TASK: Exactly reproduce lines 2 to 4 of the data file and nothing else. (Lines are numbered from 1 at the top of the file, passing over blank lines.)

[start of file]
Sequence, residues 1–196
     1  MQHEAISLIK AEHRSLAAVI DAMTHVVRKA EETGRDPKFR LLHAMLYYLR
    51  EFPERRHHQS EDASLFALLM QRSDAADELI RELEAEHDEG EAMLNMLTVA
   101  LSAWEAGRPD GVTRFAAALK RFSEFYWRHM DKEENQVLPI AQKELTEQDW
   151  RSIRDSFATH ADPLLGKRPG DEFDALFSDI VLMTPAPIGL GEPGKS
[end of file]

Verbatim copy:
     1  MQHEAISLIK AEHRSLAAVI DAMTHVVRKA EETGRDPKFR LLHAMLYYLR
    51  EFPERRHHQS EDASLFALLM QRSDAADELI RELEAEHDEG EAMLNMLTVA
   101  LSAWEAGRPD GVTRFAAALK RFSEFYWRHM DKEENQVLPI AQKELTEQDW